Saturday, December 05, 2020

An Analysis Of TheAnalysis On Democrats And Their Money Masters

nakedcapitalism |  I hate to have to make a couple of qualifying remarks about an otherwise excellent discussion of how the Democrats have made promises to too many constituencies, particularly Big Finance and top professionals, and will soon go through elaborate exercises to try to pretend that they aren’t betraying some interests to deliver to others.

I’ve mentioned before that Paul Jay has developed a misguided obsession with BlackRock, when it is far from the most powerful financial firm. Goldman, with its astonishing alumni penetration of top level government positions in the US and abroad (Mario Draghi, Mark Carney, William Dudley and Neel Kashkari as as central bankers; Bob Rubin, Hank Paulson, and Steven Mnuchin as Treasury Secretaries; Gary Gensler, admittedly a bit of a turncoat, as head of the CFTC; John Corzine and Phil Muphy as New Jersey governors; I’m sure I missed plenty). The idea that a former BlackRock official Brian Deese becoming head of the National Economic Council confers some sort of outsized influence is quite a stretch…particularly since former Goldman President and Chief Operating Officer Gary Cheld the same post in Trump’s administration.

Similarly, any of the top private equity firms has vastly more power than BlackRock. Even though BlackRock manages more money, it has an arms-length, virtually nil influence relationship with the companies whose shares are in its funds.

By contrast KKR stated in one of its annual reports in the mid-2000 that it would be the fifth biggest employer in the US through its portfolio companies. Given that private equity has only grown as a share of global equity since then, it’s extremely likely that Blackstone, Carlyle and KKR each through their portfolio companies are among the top ten employers in the US.

All of these private equity firms hire and fire the executives of their portfolio companies and dictate which law and accounting firms they use; they could reach in and fire any employee if they chose to (say they found offensive remarks on Facebook or Twitter). Private equity collectively is the biggest source of fees to Wall Street (their rich merger and acquisition and financing fees dwarf the skimpy stock and bond trading fees a BlackRock pays1), the biggest source of fees to white shoe law firms, and I am told, since the early 2000s, also pay more than half the fees of top consultants McKinsey, Bain, and BCG

By contrast, Larry Fink, the CEO of BlackRock, has extremely little direct influence over any of the public or late-stage VC companies in which BlackRock invests. Nearly all shares are held in index funds, which means BlackRock’s overriding concern is index replication at the lowest possible cost. It can’t buy or sell shares to make a point. BlackRock does not hold large enough stakes to appoint directors, let alone hire and fire executives or employees.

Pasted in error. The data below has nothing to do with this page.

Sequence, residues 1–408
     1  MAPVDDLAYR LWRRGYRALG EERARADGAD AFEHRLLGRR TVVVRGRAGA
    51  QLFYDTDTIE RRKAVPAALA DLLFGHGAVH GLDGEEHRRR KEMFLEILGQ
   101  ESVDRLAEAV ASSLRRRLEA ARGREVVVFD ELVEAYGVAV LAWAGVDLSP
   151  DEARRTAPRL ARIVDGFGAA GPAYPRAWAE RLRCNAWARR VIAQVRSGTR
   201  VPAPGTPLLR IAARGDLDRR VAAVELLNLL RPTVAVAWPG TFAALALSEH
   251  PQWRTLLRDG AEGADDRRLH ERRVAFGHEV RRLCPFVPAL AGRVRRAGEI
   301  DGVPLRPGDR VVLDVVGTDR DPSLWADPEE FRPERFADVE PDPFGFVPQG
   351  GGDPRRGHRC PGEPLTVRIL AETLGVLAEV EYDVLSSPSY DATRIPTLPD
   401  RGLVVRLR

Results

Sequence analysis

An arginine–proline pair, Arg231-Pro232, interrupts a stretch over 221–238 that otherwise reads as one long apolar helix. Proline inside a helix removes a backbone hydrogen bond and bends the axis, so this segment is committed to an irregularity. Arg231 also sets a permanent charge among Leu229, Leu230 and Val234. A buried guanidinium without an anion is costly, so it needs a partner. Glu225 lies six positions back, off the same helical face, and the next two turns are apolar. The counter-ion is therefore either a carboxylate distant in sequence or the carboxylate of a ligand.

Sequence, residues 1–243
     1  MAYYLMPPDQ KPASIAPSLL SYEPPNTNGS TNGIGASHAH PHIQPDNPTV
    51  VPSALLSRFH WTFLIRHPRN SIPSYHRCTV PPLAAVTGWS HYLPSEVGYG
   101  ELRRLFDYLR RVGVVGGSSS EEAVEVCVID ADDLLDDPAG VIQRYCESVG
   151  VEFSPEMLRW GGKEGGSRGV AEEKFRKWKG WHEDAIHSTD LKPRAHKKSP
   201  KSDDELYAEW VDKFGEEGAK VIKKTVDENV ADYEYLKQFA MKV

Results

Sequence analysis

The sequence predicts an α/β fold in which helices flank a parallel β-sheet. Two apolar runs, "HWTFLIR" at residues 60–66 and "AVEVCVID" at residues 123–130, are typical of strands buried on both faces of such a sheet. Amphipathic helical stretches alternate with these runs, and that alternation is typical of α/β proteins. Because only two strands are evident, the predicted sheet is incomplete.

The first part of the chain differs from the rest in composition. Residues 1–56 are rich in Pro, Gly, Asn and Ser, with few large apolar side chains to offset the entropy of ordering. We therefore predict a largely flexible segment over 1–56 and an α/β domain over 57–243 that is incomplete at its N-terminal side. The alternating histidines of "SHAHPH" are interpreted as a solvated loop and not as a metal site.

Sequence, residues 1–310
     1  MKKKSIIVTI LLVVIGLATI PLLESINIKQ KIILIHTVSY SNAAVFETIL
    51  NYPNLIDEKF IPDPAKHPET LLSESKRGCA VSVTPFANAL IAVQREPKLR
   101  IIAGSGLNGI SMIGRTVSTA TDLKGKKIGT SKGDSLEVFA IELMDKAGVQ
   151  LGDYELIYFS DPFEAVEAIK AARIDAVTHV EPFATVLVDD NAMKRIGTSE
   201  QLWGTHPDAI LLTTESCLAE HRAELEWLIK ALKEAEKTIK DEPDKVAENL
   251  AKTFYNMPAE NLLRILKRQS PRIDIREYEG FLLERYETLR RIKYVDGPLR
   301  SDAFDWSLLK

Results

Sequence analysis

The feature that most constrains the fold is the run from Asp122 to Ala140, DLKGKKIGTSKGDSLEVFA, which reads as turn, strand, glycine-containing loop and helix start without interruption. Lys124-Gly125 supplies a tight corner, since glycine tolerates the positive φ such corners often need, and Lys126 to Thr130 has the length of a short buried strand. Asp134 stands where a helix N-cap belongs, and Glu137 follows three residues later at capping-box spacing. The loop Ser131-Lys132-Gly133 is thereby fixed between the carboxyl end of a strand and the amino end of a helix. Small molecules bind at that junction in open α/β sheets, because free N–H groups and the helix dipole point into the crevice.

And BlackRock’s promotion of ESG, as in environmental, social and governance investing? BlackRock is very late to that party. CalPERS and CalSTRS were true believers long ago; CalPERS famously dumped tobacco stocks at the worst possible time, right before the Federal-state settlement. CalSTRS pressured Cerberus to dump its holdings in gun maker Remington in 2015. A party with inside knowledge of BlackRock told me that the big reason BlackRock suddenly became a vocal advocate was that it hoped to win the mandate to take over CalPERS private equity portfolio. Recall that Bloomberg publicized in late 2017 that that was CalPERS’ plan, despite BlackRock’s lack of meaningful private equity experience. BlackRock was indeed on a short list of firms invited to propose over that Christmas/New Years holiday. BlackRock staring making a full throated defense of ESG investing, which is near and dear to the board’s heart, in early 2018, with CalPERS Chief Investment Officer Ted Eliopoulos at Larry Fink’s side during the press conference. The effort to hand off CalPERS’ portfolio to an outside party and have less control and pay even more fees fell apart under press scrutiny, led by this website.

Another smaller sour note was Mark Blyth depicting Republicans as representing extractive, old economy industries. Top expert on political money in America, Tom Ferguson, says that’s simplistic. While oil and fracking company donations are strongly Republican, of the four biggest private equity firms, the heads of three (KKR, Blackstone, and Carlyle) are established heavyweight Republican donors. Industry insiders report that private equity firms press portfolio company executives to donate in line with parent company preferences. Apollo, as more of a real estate firm, gives to both parties, as do most developers, since they always need friends in office. The arms industry skews Republican. The health care industry gives heavily to both parties.